blinders and examine a broad, multi-state or regional area.
There are hundreds of communities that can satisfy all of
the site selection objectives of most companies, but the search
is often restricted to a small area based on a preconceived
notion about the advantages of the area being examined.
A narrowly focused site selection analysis erodes your negotiating
position on inducements, especially if the search is restricted
to a single state. This also limits your ability to gain major
operating cost reductions in critical expense categories such
as wages and benefits, utilities, taxes and so forth. All
of these expenses will vary from site to site and the differences
could be significant. Cost differentials on the order of $10,000
per employee per year are achievable for suppliers and for
a 200-person automotive supplier plant, this could mean $2
million in savings that drop straight to the bottom line.
Also, examine rural locations with great detail. The South's
automotive industry has experienced excellent results from
locating in rural counties. Even more, state incentives are
much greater when locating in a rural location.
4. Not being skeptical.
One of the most important jobs of the executive vested with
responsibility to select the site is separating fact from
fantasy. That's especially true in a site search of the American
South, where fact and fantasy seem to run parallel. Nearly
every person the site selection team will be dealing with
has a not-so-hidden agenda; they want you to locate your new
facility in their state, county, city or service territory.
They employ salespeople whose job is to get you to "buy
their product." Rarely have they been heard to say, "our
school system is under-funded," or "we have a union
problem," or "the quality of our electrical service
is poor," or "our property taxes are high."
But these and other problems may be awaiting you, so be prepared
to question every statement or claim made by local or state
economic developers to search out these hidden problems.
Be skeptical of unsubstantiated claims and ask questions.
Ask for a long-term history of electricity and gas service
interruptions, examine a history of union elections and meet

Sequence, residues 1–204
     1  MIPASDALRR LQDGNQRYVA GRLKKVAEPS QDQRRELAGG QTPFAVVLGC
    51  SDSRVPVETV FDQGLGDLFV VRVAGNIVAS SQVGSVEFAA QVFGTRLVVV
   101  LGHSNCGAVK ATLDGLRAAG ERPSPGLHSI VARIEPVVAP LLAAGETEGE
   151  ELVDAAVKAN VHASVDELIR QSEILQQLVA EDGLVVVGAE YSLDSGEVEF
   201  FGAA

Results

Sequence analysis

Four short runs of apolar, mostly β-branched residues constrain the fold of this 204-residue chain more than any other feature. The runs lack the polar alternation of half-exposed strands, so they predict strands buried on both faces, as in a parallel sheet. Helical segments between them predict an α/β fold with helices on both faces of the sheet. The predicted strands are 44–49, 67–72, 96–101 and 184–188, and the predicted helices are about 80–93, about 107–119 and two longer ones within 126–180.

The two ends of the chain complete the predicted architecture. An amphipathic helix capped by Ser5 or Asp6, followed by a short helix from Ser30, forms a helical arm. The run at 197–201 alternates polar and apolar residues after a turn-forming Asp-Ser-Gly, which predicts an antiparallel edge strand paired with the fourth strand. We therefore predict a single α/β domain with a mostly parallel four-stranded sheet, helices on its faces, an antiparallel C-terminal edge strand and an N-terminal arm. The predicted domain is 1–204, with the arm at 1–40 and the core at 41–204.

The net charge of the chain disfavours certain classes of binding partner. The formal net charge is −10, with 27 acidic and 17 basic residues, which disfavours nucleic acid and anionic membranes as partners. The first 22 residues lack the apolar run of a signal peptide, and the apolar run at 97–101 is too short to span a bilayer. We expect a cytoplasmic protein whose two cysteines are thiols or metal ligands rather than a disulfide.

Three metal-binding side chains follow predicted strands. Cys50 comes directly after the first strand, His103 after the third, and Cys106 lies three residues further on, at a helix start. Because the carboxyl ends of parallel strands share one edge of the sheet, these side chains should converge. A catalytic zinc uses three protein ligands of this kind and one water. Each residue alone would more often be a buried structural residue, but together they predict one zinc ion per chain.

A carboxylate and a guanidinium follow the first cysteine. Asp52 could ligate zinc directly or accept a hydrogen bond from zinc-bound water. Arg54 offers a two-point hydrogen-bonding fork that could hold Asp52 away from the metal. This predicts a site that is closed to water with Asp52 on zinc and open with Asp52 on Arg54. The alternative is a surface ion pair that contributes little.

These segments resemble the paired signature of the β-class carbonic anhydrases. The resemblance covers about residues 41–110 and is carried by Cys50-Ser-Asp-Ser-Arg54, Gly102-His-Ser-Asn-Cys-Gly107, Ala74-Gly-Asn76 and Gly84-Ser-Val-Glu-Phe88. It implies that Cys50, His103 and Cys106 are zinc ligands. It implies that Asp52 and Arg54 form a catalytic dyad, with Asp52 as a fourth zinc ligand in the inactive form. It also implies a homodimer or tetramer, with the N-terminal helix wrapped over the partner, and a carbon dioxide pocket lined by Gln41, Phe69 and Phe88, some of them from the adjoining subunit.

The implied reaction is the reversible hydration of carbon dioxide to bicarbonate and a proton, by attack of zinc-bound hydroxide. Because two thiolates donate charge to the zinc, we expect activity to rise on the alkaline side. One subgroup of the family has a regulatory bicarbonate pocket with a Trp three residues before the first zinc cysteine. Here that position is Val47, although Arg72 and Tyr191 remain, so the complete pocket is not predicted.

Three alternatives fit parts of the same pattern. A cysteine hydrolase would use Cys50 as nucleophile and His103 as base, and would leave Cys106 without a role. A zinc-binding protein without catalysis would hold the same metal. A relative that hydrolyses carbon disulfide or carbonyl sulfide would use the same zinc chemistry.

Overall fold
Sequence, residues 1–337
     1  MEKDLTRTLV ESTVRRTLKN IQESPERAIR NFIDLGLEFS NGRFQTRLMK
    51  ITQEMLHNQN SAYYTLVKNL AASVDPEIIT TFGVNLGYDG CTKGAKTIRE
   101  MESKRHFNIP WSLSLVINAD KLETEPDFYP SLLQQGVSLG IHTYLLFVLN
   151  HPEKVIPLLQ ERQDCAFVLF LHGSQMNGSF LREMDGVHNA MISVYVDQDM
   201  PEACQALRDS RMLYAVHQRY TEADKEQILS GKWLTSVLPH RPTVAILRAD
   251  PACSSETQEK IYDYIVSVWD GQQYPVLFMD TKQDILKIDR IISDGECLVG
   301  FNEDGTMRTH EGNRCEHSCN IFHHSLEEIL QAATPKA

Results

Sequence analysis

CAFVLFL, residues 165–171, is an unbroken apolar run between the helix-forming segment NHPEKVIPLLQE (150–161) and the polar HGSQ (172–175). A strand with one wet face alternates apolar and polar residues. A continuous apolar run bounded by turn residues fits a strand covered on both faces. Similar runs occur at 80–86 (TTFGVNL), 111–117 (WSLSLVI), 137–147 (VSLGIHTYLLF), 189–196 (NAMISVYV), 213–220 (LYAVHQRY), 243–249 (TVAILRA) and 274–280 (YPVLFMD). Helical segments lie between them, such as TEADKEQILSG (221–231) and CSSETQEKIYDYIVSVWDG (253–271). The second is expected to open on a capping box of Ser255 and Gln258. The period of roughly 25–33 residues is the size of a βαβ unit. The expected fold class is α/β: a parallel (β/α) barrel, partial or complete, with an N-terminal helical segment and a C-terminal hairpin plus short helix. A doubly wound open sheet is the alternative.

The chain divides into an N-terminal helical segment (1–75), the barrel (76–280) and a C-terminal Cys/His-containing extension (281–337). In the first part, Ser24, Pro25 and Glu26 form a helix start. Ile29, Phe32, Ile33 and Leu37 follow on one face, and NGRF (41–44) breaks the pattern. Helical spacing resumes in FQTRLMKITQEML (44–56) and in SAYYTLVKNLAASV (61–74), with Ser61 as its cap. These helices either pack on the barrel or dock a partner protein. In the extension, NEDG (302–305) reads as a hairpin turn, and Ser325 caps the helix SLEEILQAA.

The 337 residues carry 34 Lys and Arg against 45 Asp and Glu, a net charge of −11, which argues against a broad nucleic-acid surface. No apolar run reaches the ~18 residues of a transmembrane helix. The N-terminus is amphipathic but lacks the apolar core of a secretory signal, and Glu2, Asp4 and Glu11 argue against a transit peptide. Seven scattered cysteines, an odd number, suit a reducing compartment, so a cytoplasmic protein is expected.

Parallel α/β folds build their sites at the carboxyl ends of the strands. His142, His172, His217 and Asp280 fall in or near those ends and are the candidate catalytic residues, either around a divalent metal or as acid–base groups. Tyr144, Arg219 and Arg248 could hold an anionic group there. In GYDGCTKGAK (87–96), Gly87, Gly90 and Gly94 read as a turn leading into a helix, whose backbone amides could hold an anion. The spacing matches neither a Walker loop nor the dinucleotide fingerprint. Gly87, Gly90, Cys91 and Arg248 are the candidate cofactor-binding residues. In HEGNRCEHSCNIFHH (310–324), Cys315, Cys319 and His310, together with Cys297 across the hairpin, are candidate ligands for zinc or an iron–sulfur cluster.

with existing major employers to discuss incipient union activity,
quantify spending per pupil in the secondary school system
and the school system's graduation rate. In short, accept
nothing as an article of faith.
5. Leaving money on the table.
In many ways, negotiating inducements and incentives is the
blackest of the black arts, even though it's a common practice
with virtually every significant deal. You must decide what
you want to negotiate and how far you think you can push.
Most states, counties and cities have published "inducements"
that are available to any industry that wishes to secure them.
Perhaps the most visible of these are worker training, inventory
tax exemptions or jobs creation income tax credits. But there
are more valuable inducements that are not or will not be
For example, outside larger metro areas land prices plummet,
typically ranging from $5,000 to $20,000 per acre for an improved
site. In many communities the land can be obtained at no cost
if the community feels it is necessary to secure the industry.
The same can be said of existing buildings as well, although
this is less common.
Also, many electric utilities have special rates that can
significantly reduce the cost of power in the critical start
up years of an automotive supplier operation. Again, these
rates may not be offered unless they are negotiated.
Other areas to target in negotiations are construction of
rail spurs and switch installation, arterial road improvements,
property tax concessions, more rapid depreciation schedules,
interest rates on loans for industrial and residential construction,
payments in lieu of taxes and many others.
Of course, the aforementioned unpublished potential incentives
apply to automotive suppliers first and foremost. Original
equipment manufacturers (large assembly plants) have an incentive
category all their own.
6. Ignoring the weather
Suppliers and assemblers with a single production facility
run the risk of severe business interruptions due to weather
and in the South the greatest threat is posed by tornados.
On average, the chance of being hit by a tornado is very,
very small, but the risk varies significantly from location